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Thank You For Smoking (DVD Review)

17 Sep, 2006 By: John Latchem

Street 10/3/06
Box Office $24.8 million
$29.98 DVD
Rated ‘R' for language and some sexual content.
Stars Aaron Eckhart, William H. Macy, Katie Holmes, Cameron Bright, Robert Duvall, Maria Bello, David Koechner.

The key to the comedy in Thank You For Smoking may be in its twisting the traditional media view of the tobacco industry. Its role reversal casts a pro-tobacco lobbyist in the role of the hero, while those who oppose smoking are presented as antagonists.

In a commentary, director Jason Reitman (son of Ivan) says this dichotomy works because the bad guys aren't after an altruistic result, but a selfish gain, and their methods are underhanded. The actions of big tobacco, on the other hand, are seen as almost farcical — and chock full of laughs.

Thank You For Smoking is good satire and a very funny movie that targets not just the cigarette industry, but also the power structures of Hollywood and Washington, D.C.

Aaron Eckhart plays Nick Naylor, a spin doctor for a thinly veiled pro-tobacco research firm who takes on a slick senator looking to put a skull and crossbones on every pack of smokes.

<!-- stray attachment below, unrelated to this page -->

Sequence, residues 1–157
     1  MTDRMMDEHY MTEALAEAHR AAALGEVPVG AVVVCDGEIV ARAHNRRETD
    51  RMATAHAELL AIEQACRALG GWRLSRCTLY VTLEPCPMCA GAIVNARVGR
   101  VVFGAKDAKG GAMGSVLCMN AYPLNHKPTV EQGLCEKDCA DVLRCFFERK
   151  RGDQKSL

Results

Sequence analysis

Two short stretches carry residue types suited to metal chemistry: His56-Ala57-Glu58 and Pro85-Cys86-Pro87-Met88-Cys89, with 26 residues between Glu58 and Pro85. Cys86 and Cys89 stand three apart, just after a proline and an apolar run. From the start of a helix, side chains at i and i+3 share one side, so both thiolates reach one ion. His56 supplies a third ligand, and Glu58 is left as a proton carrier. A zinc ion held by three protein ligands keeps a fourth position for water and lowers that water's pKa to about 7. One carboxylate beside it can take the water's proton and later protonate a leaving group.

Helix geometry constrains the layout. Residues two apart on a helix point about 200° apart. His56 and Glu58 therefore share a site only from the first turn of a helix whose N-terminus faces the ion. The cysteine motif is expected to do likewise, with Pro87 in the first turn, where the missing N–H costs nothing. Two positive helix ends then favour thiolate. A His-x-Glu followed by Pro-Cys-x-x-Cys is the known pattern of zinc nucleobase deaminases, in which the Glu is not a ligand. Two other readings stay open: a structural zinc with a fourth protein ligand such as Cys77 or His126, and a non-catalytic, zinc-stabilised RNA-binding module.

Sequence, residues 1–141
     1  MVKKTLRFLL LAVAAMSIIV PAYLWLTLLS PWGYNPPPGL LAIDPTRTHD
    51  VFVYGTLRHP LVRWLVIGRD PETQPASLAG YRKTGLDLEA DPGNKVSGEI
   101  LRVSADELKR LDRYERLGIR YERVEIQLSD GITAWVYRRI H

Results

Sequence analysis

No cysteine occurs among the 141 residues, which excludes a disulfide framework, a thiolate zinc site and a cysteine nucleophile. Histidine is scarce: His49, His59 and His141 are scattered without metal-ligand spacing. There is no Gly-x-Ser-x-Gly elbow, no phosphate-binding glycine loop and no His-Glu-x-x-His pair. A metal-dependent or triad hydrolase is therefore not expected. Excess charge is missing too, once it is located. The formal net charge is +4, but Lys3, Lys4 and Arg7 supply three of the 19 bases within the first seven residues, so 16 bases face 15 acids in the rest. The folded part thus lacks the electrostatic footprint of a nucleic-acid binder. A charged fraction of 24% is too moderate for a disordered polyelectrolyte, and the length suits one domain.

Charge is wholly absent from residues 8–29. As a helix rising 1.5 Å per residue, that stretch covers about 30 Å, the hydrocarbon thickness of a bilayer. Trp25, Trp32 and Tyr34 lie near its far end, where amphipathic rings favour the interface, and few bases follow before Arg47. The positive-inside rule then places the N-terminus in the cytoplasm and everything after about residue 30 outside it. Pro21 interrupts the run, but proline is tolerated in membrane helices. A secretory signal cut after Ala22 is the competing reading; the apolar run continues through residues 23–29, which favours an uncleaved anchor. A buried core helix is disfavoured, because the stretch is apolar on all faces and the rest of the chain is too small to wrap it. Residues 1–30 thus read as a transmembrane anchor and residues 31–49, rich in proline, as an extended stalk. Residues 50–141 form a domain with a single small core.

Naylor counters by suggesting a big-budget sci-fi movie in which smoking in the future is considered cool and healthy; he's even got a product tie-in. His plans are jeopardized by a militant anti-tobacco group and an intrepid young reporter, not to mention his growing influence over his own son (Cameron Bright).

The film achieved some notoriety due to the involvement of Katie Holmes as the reporter. A sex scene between Holmes and Eckhart was mistakenly omitted from a cut of the film screened at Sundance. The actual scene is barely a few seconds long and is more of a comedic romp, shot from a distance. The sequence is nowhere near as raunchy as the hype would make it seem, and Reitman mentions in one of two commentaries that people still think the scene is missing even after seeing the completed film.

A couple of featurettes about the film are rather underwhelming. Each is less than 10 minutes and repeat a lot of footage between them. One purports to cover the making of the film but mostly features ruminations about its themes. Another examines the nature of the “spin doctor” and how the public is so willing to eat up their distortions of the truth.

An interview segment from the “Charlie Rose Show” is a bit more enlightening as Rose traces the process it took to bring author Christopher Buckley's 1994 novel to the big screen.

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